• A physical business address
  • A business credit card number (and expiration date)
  • The billing address for receiving credit card statements

Additionally, you’ll also need an Australian bank account to receive payments. The good news, though, is that you don’t need an ABN or an Australian entity.

Of course, you want to be aware of the fees before you commit to an Amazon.com.au account:

  • A flat monthly fee of AU$49.95.
  • GST on all sales: 1/11th of the price listed in Seller Central, deducted automatically. (For more information on the new taxes, including refund policies, read Amazon’s FAQ.)
  • Referral fees, depending on the product category.
  • Closing fees.
  • Standard FBA fees, if applicable.

On the bright side, Amazon.com.au is currently running a promotion to attract sellers to the new market. If you register between now and December 31, 2018, you get the first two months’ fees at half off, and the subsequent six months completely free (no monthly fee). After those initial eight months, though, pricing reverts to normal.

Amazon Alternatives in Australia

While there is a small window of success for some merchants, there are still a lot of drawbacks to selling on Amazon Australia. You may want to consider alternate options.

eBay

At the moment, eBay is the leader in Australian ecommerce with a 78% conversion rate. Not only that, but compared to Amazon, it’s a lot easier to register, as in, no extra fees. However, the GST still applies to eBay, and you have to account for it yourself (Amazon.com.au deducts it automatically). The same eCommerce statistics above still apply, but the extra shipping fees from overseas won’t sit well with Aussie shoppers. Again, it will take some planning and strategizing to break even.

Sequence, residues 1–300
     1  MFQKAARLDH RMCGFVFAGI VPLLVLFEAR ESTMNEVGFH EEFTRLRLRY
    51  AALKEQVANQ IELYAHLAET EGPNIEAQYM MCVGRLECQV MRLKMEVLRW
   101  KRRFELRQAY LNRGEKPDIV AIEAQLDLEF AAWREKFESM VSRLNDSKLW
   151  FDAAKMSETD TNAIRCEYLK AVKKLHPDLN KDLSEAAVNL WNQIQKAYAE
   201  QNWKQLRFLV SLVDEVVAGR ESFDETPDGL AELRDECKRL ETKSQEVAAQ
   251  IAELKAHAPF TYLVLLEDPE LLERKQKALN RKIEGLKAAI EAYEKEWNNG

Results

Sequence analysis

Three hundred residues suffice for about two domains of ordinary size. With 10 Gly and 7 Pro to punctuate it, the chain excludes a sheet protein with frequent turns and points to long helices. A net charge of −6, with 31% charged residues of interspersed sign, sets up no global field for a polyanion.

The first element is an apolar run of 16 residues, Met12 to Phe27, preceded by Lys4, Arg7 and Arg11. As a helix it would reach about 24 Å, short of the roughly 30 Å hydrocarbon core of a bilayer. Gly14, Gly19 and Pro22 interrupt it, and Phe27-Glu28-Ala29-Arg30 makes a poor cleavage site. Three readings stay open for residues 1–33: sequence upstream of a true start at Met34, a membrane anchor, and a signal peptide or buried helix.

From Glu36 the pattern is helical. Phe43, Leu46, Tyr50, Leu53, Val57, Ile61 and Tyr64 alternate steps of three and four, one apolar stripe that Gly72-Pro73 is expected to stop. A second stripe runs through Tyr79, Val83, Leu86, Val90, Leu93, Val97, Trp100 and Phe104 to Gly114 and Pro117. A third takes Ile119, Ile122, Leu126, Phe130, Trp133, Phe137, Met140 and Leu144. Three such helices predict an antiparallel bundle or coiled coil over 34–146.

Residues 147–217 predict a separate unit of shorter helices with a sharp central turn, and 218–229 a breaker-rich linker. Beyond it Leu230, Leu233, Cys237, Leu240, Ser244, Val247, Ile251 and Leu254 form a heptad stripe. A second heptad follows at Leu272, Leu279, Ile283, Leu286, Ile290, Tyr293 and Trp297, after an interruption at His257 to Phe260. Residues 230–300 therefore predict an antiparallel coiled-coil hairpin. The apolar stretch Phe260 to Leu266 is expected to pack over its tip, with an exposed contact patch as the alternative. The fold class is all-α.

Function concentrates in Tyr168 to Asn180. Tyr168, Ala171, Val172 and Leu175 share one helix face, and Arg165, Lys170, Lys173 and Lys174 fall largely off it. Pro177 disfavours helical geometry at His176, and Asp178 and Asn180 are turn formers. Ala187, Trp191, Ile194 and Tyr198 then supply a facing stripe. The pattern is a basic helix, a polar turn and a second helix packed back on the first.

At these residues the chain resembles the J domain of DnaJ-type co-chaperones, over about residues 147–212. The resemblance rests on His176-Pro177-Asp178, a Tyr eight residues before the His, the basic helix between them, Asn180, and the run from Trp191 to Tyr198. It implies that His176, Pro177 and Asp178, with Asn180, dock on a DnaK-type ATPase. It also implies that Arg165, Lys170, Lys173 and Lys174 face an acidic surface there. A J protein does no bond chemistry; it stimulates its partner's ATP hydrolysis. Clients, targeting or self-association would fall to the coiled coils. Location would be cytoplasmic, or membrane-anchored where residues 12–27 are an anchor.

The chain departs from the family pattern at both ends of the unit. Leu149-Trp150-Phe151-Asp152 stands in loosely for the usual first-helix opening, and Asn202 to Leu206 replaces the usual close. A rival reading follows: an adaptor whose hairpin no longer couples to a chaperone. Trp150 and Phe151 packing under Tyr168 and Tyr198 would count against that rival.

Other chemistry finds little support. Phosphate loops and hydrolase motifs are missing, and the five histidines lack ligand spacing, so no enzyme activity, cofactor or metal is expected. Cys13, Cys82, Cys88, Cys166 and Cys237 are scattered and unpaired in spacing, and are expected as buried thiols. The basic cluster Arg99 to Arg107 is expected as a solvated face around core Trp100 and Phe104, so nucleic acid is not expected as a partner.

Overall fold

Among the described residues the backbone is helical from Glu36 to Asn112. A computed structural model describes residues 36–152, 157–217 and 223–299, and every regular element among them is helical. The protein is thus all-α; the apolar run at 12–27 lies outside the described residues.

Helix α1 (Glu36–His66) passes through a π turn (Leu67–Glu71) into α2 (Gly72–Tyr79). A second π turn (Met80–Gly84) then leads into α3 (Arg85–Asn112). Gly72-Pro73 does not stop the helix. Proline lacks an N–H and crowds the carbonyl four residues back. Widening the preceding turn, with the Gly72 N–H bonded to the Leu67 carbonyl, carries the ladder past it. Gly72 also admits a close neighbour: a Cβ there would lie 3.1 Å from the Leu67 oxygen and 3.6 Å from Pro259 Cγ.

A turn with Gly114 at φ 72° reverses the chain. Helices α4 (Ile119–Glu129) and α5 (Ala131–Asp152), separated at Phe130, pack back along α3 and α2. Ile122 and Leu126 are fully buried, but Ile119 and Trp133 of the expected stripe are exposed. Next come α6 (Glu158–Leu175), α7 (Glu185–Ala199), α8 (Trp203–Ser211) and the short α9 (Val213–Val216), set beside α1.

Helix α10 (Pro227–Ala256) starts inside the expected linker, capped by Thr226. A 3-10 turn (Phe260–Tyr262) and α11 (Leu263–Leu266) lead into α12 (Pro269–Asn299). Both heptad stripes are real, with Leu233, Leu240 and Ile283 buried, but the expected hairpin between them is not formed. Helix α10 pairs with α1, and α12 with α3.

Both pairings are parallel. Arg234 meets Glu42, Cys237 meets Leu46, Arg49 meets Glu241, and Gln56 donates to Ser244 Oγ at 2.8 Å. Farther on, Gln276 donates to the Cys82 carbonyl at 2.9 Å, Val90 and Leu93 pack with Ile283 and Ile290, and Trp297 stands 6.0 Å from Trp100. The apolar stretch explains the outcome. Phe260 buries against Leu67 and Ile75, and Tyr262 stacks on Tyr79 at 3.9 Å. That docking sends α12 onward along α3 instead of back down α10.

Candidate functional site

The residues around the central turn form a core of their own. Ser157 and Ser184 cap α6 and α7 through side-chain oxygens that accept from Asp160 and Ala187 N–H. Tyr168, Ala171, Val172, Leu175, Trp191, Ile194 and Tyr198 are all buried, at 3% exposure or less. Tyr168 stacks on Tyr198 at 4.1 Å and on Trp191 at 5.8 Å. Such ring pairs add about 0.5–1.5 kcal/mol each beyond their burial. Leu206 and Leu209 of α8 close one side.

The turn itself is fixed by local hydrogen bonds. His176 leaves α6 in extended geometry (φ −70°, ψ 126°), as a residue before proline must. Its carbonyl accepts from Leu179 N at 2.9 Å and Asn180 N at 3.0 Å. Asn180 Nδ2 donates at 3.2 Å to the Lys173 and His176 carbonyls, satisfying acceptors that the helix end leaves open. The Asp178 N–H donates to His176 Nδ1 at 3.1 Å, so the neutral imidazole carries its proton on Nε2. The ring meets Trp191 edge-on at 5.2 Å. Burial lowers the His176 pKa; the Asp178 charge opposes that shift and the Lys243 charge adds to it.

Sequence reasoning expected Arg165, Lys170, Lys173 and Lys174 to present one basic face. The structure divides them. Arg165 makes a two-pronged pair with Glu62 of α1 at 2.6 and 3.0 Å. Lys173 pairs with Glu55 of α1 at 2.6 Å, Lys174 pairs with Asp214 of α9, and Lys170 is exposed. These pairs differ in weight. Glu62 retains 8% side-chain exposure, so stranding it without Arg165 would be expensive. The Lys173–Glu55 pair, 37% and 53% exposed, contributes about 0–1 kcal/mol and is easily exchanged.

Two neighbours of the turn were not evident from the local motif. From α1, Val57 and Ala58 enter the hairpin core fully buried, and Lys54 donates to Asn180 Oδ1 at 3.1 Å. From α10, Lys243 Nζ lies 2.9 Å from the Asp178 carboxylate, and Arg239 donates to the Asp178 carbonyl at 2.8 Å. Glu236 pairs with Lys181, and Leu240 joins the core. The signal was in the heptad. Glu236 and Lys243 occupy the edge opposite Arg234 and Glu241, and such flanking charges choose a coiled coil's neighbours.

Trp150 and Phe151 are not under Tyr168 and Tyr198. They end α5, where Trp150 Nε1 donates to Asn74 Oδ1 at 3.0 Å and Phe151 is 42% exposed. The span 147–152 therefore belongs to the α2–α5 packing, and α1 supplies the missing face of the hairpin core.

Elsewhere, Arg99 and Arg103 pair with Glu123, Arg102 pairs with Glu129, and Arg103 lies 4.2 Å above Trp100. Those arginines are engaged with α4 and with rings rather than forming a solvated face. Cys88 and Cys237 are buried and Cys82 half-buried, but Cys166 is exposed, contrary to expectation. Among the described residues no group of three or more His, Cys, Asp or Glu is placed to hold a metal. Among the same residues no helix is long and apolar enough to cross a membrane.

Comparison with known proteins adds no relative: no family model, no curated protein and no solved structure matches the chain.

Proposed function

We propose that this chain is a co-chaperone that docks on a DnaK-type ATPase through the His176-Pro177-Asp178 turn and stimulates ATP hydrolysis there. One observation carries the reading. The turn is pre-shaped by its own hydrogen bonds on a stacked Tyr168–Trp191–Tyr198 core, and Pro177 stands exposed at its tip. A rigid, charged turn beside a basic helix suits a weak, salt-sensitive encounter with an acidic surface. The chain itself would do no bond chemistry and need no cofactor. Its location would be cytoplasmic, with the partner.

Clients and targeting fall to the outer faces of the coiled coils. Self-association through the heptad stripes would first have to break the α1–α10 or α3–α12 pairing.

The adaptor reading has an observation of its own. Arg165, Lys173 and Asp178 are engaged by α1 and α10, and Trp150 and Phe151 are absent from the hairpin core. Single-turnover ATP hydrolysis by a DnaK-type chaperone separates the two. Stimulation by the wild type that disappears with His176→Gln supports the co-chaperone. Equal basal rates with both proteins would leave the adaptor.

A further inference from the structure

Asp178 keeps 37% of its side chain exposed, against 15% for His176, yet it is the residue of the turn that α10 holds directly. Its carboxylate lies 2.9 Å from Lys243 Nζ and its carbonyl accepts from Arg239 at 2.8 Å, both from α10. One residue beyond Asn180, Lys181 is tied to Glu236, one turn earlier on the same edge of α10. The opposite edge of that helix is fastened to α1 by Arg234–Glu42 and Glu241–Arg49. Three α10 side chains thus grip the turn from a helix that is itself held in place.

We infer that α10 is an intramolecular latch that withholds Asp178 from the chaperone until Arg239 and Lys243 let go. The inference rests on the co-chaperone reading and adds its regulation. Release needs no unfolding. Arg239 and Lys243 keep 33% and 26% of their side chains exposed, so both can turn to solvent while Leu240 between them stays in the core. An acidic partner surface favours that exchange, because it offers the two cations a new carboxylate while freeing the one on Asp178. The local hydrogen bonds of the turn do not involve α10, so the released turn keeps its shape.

The Iconic

While Amazon Australia targets more males and less clothing, if you’re a women’s fashion brand, your best bet is to sell on The Iconic. The top online store for fashion in Australia, The Iconic has a 53% conversion rate and seems to be the go-to website for clothing ecommerce in the country. The downside is that you have to be approved by them. They look for partners with international brand awareness, international fulfillment capabilities and tech skills to utilize a variety of platforms.

Takeaway

In a nutshell, only a small number of sellers would do well in the Australian market, but they will do extremely well. Given Australia’s geography and their foreign policies on international goods, Aussie shoppers love and appreciate exotic and hard-to-find goods. If you can offer them and make up the loss of the GST, you’ll find a market with less competition and more conversions.

Matt Ellis

Matt Ellis is a freelance online content creator, specializing in eCommerce, content marketing, branding and web design. For over a decade he’s been sharing his industry knowledge through eBooks, website copy and blog posts. You can learn more about his work here.


This post is accurate as of the date of publication. Some features and information may have changed due to product updates or Amazon policy changes.